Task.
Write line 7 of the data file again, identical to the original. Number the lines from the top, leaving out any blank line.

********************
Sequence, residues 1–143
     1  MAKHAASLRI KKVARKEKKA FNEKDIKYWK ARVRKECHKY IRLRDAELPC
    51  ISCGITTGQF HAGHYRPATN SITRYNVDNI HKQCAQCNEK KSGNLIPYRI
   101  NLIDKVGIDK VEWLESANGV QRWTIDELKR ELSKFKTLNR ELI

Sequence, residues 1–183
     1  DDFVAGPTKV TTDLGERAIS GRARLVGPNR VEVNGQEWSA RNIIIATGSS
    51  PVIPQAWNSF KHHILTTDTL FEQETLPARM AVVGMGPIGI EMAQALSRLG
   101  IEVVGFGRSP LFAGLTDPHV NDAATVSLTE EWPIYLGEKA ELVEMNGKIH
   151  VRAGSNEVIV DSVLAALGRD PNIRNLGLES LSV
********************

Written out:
    51  PVIPQAWNSF KHHILTTDTL FEQETLPARM AVVGMGPIGI EMAQALSRLG